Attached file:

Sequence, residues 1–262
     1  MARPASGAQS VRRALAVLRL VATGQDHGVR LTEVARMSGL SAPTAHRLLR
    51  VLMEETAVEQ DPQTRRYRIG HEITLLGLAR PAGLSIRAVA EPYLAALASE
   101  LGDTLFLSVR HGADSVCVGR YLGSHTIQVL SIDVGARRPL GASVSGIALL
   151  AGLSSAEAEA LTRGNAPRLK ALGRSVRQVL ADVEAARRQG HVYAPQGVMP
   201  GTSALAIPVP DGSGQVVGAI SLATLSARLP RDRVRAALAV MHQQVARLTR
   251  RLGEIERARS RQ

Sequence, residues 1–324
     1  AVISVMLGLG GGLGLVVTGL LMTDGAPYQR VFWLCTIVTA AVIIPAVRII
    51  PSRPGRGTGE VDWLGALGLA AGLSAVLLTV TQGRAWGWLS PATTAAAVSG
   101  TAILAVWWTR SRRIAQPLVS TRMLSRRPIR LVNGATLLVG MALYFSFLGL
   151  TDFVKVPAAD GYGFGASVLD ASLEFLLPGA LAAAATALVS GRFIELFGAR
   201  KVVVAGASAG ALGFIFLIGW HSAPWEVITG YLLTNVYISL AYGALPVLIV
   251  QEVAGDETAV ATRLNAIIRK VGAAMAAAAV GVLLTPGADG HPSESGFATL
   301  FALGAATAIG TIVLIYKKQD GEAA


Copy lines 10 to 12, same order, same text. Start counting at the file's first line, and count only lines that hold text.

    51  PSRPGRGTGE VDWLGALGLA AGLSAVLLTV TQGRAWGWLS PATTAAAVSG
   101  TAILAVWWTR SRRIAQPLVS TRMLSRRPIR LVNGATLLVG MALYFSFLGL
   151  TDFVKVPAAD GYGFGASVLD ASLEFLLPGA LAAAATALVS GRFIELFGAR